It’s a game whose theme I don’t really know how to feel about, except kind of gross. Although since reading Greg Loring-Albright’s excellent First Nations of Catan alternative rule set I referenced in the last post, which modifies the Settlers of Catan game to acknowledge and accommodate the fact that First Nations people nearly certainly existed in Catan before white settlers got there, my feelings have evolved slightly. Or at least have gotten more confused.

Here’s the question I’ve been pondering for months: Is it better for a game with a historical or pseudo-historical theme that touches on problematic historical realities to just completely ignore the existence of that reality or to engage with that reality in a completely non-critical way? 2

I’ve been calling it the The Catan v Puerto Rico Problem. And fuck if I have any idea what the answer is. Please discuss.

Anyway. On to the ratings.

Race

This game is not set in Europe. So that’s worth some credit, usually.

But the entire game play is about colonising said non-European place for Europe. 3 So that’s less credit.

Plus the only human-depicting art of the game depicts a European man.

Native people appear to not exist at all in any capacity?

….and as discussed above, there is a slave trade. But it’s not engaged with in any sort of substantial way. Just casually there.

Yeah, I can’t quite bring myself to give this any stars for Race/Nationality. Any that I could pooooooossbily be convinced to give for the setting, I want to immediately take away for the implementation.

I’m giving it:

0 stars only because I can’t give negative stars.

Gender

Psssssssh. Don’t you know that women didn’t exist in the colonial era? Native women *definitely* didn’t exist. Nor do gender-diverse people, obvs.

Also, the first two pages of the rule book use gender-neutral language, but then inexplicably switch to exclusively using the generic he on page 3, which offends me both as a non-dudely gamer and as a former copy editor.

-1 star except I’m too lazy to figure out how to represent that pictorially so 0 stars.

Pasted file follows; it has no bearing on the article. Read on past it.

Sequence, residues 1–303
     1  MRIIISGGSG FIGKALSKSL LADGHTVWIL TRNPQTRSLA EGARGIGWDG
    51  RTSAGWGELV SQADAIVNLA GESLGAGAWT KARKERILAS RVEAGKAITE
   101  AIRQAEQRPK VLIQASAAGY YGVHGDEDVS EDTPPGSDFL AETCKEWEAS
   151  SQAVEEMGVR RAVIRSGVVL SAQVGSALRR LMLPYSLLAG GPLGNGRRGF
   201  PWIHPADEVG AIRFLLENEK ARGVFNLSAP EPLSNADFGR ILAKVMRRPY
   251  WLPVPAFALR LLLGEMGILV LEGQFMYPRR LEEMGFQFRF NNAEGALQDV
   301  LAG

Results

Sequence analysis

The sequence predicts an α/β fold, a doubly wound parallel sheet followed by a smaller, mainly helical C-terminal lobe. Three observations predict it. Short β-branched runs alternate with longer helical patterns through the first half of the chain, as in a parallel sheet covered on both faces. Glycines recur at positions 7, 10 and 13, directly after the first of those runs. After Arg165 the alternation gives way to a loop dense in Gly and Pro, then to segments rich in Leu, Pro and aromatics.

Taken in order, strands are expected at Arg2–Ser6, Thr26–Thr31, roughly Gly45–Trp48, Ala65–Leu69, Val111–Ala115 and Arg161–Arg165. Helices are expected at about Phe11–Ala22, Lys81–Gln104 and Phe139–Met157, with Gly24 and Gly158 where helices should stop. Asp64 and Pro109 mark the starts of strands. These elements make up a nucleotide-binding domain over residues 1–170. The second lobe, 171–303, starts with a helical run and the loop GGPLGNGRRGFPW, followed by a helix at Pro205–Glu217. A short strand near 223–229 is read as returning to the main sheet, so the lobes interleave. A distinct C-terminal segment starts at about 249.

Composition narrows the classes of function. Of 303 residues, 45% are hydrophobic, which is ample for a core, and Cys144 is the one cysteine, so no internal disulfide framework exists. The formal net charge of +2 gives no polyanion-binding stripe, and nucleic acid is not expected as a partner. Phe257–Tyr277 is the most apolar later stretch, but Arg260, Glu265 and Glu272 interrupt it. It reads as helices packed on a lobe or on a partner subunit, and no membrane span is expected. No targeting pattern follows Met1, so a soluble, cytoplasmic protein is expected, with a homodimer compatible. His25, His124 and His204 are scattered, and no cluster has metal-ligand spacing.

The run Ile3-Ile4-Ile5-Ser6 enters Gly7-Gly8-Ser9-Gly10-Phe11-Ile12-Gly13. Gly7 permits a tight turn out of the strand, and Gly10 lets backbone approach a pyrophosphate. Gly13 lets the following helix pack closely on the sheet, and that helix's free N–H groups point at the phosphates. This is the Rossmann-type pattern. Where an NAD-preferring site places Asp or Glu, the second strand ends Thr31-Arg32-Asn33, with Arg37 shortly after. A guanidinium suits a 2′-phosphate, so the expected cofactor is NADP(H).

Sexuality

Ha. Hahahahahahahaha. Oh, you’re funny. (Although I guess in a world where only men exist, some of them have to be banging each other, surely?)

0 stars.

Body

In Puerto Rico’s limited defense, there’s not much human art depicting any sort of bodies, only the one strapping young man we discussed earlier. But this was still a deliberate design choice, so:

0 stars.

Overall

Overall, things are grim for poor Puerto Rico.

Race ☆☆☆
Gender ☆☆☆
Sexuality ☆☆☆
Body ☆☆☆
Overall Average 0 (-0.5?)

 

Notes:

  1. THAT’S A REALLY BIG THING TO HAVE TO GET OVER.
  2. I mean, obviously, it would be better for the game to engage with the issue in a critical or informed way, but that’s apparently not the world we live in, so if you can only pick one, which would it be?
  3. “Hilarious” side anecdote. The first time I went into the grossest board game store I know in Sydney, it was to buy this game. I walked in and it was PACKED with nearly 100 dudes gaming (zero ladies or visibly gender-diverse people. RED FLAG ALERT.). Dude at the counter leered at me and asked if I was looking for something. “Puerto Rico,” I said. “Heh. Heh,” he said, still leering. “It’s in Europe.” I just stared and started shaking my head slowly while he continued laughing and looking at me like I was some dumb thing who didn’t get his SUPER CLEVER JOKE. “Get it? Get it? Because Puerto Rico? It’s in Europe…?” until I finally snapped, “It’s definitely not. Look at a goddamn map after you tell me whether or not you have the game and where it is.” and then he dutifully showed me the game on the shelf and rang up my purchase without making eye contact or saying another word.